Sarah Darling: Winter Wonderland

Just as Shane Richie puts out a country album, genuine country music singer Darling puts out a Christmas album. They’re all well-known tunes done well, so the only question is how you feel about a set of slow but intimate covers delivered by Darling’s soft and sweet vocals. The album opens with an ok cover […]

Kim Churchill: Weight_Falls

We listen to a lot of music. A fair bit gets played again, some goes on the Review Corner iPod and a select few are placed in the genre “genius”, the albums we really like and play over. Kim Churchill’s breakout Silence/Win is in there, because it’s a really nice album that we like listening […]

Steven Isserlis: The Cello in Wartime

After reporting on the news from a century ago every week since war was declared in 1914, we’re seeing the end of the war approaching (if only people in 1917 had been so lucky), and expecting a deluge of war-related products, as the centenary of the end approaches. This one is very good. Given the […]

Courtney Marie Andrews: On My Page

  There’s a couple of albums that have stayed on the Review Corner iPod for ages (Keri Noble’s 2004 album Fearless is the longest survivor); at heart country, they are also bluesy ballads sung by women with crystal clear voices. They don’t advance any genres or break new ground. They’re just strong albums of nice […]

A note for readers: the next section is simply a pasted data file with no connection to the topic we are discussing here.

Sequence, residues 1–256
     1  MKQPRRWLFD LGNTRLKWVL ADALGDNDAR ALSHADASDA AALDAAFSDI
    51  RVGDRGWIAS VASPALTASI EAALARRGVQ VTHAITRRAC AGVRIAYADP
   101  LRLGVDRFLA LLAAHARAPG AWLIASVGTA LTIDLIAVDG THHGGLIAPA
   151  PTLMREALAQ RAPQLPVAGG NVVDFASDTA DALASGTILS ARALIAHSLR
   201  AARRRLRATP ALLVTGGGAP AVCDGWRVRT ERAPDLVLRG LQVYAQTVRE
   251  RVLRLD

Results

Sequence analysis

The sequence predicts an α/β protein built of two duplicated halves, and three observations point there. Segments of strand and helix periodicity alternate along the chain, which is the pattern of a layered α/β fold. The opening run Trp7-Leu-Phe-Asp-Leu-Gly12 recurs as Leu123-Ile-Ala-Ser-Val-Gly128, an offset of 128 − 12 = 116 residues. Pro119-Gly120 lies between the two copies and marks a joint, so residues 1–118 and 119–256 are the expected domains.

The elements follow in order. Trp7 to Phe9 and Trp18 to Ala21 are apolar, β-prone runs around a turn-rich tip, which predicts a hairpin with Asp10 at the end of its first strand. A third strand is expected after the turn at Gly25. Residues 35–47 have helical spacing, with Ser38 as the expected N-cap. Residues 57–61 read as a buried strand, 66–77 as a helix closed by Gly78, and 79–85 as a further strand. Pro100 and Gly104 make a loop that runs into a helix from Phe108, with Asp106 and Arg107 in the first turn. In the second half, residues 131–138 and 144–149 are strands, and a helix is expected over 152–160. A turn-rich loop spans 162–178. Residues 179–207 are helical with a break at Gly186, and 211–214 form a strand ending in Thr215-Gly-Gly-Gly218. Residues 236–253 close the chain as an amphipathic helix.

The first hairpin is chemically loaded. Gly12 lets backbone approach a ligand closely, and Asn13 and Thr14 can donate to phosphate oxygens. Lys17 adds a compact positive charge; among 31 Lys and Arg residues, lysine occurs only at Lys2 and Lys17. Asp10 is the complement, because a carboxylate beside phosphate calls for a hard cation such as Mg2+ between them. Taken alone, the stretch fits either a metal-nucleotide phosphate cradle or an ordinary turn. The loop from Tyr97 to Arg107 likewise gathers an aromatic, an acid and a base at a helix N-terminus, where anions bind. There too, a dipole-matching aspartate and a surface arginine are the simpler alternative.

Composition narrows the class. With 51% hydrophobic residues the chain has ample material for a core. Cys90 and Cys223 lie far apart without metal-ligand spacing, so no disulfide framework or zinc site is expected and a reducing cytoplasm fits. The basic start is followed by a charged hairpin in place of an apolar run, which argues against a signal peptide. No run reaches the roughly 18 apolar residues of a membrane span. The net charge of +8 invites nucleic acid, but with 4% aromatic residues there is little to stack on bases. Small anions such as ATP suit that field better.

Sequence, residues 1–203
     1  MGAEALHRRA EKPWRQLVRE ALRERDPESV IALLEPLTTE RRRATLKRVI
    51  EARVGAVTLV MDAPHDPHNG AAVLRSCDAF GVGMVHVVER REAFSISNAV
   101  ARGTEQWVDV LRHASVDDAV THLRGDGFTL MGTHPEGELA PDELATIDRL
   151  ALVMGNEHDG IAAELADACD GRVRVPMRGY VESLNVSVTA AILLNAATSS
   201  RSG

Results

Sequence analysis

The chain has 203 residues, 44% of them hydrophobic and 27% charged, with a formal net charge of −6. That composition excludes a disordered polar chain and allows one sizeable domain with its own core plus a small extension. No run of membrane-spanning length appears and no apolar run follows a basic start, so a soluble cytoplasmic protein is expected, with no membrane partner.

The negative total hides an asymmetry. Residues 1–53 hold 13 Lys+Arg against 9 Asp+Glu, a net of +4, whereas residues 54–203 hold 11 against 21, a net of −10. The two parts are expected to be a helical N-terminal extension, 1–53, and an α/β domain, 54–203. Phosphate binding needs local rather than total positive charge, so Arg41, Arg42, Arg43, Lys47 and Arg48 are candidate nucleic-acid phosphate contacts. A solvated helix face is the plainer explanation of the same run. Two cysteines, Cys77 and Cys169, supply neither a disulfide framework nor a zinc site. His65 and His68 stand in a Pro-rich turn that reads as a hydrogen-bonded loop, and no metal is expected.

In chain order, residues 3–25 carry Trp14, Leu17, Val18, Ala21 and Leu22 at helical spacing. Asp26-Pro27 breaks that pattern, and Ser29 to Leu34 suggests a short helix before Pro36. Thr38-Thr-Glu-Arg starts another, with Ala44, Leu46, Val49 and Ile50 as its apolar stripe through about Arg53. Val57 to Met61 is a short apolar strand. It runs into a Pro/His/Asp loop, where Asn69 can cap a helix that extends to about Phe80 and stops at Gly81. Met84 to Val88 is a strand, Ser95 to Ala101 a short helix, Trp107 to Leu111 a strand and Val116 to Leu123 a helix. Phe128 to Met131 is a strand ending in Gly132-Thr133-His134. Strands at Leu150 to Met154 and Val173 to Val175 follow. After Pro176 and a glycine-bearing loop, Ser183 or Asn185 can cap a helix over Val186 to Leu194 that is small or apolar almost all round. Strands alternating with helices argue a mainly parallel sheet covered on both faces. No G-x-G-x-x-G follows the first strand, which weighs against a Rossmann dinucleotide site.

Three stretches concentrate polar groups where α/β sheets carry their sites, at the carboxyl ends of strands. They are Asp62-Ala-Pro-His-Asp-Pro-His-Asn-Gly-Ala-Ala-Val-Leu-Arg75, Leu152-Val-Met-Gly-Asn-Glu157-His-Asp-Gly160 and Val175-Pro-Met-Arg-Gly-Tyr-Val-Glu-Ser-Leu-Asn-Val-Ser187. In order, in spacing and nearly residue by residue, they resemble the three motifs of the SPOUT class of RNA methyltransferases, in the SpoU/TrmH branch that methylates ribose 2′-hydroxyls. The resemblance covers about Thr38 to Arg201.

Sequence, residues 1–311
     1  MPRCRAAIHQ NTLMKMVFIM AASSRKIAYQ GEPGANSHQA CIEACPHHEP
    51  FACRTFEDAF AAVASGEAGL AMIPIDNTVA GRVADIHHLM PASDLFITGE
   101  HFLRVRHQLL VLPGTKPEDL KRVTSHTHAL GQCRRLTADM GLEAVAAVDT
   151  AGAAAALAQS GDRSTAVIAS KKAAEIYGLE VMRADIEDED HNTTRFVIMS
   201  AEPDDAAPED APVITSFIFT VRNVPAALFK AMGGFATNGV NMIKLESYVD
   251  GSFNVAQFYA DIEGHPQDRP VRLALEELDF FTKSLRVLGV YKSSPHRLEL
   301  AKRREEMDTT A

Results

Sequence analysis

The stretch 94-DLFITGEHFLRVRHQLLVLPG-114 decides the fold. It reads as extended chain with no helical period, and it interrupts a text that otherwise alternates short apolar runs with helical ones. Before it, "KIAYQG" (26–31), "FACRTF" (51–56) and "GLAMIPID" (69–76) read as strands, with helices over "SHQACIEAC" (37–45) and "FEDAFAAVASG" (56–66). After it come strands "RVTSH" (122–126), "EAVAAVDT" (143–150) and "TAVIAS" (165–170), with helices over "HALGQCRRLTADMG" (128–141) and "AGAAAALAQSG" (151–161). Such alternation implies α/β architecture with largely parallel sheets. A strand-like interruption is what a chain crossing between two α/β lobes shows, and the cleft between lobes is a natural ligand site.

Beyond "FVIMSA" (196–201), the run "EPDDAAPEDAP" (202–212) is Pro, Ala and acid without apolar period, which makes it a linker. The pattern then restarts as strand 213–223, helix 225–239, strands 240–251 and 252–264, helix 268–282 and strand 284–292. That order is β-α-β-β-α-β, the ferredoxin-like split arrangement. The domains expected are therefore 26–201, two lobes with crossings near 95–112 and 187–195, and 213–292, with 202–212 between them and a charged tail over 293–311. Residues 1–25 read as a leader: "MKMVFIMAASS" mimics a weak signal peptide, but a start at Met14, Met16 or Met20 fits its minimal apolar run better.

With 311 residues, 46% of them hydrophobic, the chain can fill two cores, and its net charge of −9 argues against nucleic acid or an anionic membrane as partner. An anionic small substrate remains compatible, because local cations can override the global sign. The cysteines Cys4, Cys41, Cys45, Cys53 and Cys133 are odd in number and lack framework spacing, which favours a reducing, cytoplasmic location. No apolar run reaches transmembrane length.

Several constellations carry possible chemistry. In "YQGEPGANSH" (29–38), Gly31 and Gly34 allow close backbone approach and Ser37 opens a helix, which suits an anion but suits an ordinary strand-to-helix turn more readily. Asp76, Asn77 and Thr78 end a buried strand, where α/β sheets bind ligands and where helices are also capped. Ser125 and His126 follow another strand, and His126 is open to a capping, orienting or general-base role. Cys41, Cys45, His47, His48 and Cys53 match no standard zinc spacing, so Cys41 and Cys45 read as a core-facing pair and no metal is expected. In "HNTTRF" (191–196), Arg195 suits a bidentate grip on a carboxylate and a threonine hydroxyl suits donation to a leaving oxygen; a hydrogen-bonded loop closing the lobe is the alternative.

Colin Newcombe: 13 Fragments

Newcombe is a local author who has produced a book that should be handed out to anyone thinking of descriptive writing and self-publishing. So with some joy we can say first what it isn’t: it’s not badly proofed, badly written or short of ideas, and Newcombe has clearly lavished a lot of attention on both […]

Norman Ohler: Blitzed

This accessible history book is a good present for anyone who likes modern history but doesn’t want a heavy read. Ohler is a novelist and the book reads like a novel, but he’s done his research; Ian Kershaw, a world-leading authority on Hitler and Nazi Germany, has described it as “a serious piece of scholarship”. […]

Camille: Oui

An album we’ve spent so long listening to, we’ve written 10 reviews mentally; the fact that’s proving so hard to write anything down is itself a review, and perhaps not a terribly good one. It’s not a bad album by any means. It was recorded over a year in La Chartreuse, a 14th century monastery-turned-artist’s […]

Tom Millar Quartet: Unnatural Events

The Tom Millar Quartet is modern, fast and busy. They’re low on melody but there’s lots going on, and it’s more about the overall vibe, which is laid back. Millar said in an interview of his debut album as a leader that he “went on a musical journey”, taking in Brazilian and world music, as […]

Johann Schelle: Christmas Cantatasj

This programme of Classic FM-style sacred music is ideal for people who want some reverential music during the festive period, but don’t want massed choirs yelling “Gloria!” at the top of their lungs while they’re peeling the spuds (the people, not the choirs). Schelle (1648-1701) was the music director at the Church of St Thomas […]

The Wedding Present: George Best

Thirty-year-old albums are always hard to appraise: everyone wot wants them has got ‘em, and no-one else really cares. While George Best is an indie classic, it’s not the Weddos’ best. (As we think singer David Gedge lives locally we’d better say all their albums are great, obviously). We quite liked the Wedding Present. We […]